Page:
Courtesy of Giphy
In 2001, Derek Zoolander introduced us to blue steel. 20 years later, Hybrit has introduced us to green steel. Both make the world a better place, but only one has a Center for Kids Who Can’t Read Good.
What happened: As a partnership of Swedish manufacturing, mining, and energy companies, Hybrit has officially manufactured carbon-free steel and delivered it to a customer: Volvo.
- Volvo intends to use this initial batch of green steel to develop prototype vehicles and component parts in preparation for access to larger quantities of this new material.
Why it matters: Steel manufacturing, which traditionally requires metallurgical coal as a raw material, is directly responsible for about 7 to 8 percent of global carbon dioxide emissions. Being one of the most widely used building materials, reducing the carbon footprint of steel manufacturing would be a major milestone for decarbonization efforts.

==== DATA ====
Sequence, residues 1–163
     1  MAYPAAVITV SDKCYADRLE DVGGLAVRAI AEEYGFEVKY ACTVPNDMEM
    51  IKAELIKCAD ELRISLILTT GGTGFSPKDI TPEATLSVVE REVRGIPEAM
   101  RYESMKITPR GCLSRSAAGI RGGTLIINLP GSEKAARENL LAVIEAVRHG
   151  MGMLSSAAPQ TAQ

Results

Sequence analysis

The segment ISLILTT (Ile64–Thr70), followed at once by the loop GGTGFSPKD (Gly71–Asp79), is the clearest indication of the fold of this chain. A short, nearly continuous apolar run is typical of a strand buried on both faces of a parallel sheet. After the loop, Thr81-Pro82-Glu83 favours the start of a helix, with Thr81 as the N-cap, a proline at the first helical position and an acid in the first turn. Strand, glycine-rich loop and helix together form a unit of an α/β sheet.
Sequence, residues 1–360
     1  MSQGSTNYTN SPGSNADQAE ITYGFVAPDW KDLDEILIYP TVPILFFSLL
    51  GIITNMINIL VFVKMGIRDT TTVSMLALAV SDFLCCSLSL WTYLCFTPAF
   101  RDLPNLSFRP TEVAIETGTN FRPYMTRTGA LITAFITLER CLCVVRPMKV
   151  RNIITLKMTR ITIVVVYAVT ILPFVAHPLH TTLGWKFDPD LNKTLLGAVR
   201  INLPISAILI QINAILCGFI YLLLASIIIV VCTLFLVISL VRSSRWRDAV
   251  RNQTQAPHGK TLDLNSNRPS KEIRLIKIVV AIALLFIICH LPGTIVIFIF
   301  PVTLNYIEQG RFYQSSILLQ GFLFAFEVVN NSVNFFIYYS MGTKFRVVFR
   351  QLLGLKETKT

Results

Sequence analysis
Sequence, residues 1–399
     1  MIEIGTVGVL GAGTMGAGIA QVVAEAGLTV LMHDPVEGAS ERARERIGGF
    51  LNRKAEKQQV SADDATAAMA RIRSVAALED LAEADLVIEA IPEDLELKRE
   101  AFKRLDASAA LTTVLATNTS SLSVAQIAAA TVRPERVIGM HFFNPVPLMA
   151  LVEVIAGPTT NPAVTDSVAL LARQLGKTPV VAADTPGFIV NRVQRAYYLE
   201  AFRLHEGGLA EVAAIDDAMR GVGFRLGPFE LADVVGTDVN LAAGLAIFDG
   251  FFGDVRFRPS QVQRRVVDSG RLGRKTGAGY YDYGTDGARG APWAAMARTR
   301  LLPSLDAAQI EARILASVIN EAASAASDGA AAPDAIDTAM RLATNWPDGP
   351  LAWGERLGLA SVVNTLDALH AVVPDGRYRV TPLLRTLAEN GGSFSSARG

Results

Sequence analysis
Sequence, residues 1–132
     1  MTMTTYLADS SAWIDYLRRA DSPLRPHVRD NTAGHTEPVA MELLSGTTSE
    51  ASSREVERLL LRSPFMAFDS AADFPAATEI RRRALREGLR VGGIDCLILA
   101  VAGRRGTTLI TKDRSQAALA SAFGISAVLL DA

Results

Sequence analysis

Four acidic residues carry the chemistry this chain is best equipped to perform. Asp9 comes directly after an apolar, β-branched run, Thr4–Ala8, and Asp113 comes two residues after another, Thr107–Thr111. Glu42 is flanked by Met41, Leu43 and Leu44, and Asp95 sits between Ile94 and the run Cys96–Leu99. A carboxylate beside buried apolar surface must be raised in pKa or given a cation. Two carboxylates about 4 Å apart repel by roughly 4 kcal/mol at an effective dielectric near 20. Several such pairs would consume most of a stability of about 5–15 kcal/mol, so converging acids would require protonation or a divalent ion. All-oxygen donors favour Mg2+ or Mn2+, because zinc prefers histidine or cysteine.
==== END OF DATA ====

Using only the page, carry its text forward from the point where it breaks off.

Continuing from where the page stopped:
- Alternatives to steel such as cross-laminated timber do exist but are not nearly at the scale required to displace it.
What’s next: Hybrit will continue to conduct manufacturing trials out of their pilot plant through 2025 while they construct a larger demonstration facility by 2026. Once constructed, they can begin to deliver fossil-fuel free steel at an industrial scale.
Who knows, maybe their green steel can be used to follow through on Zoolanders’ dream to teach kids to read (“and do other stuff good too”).
+Additional information: Hybrit – the biggest change in steel production in over 1,000 years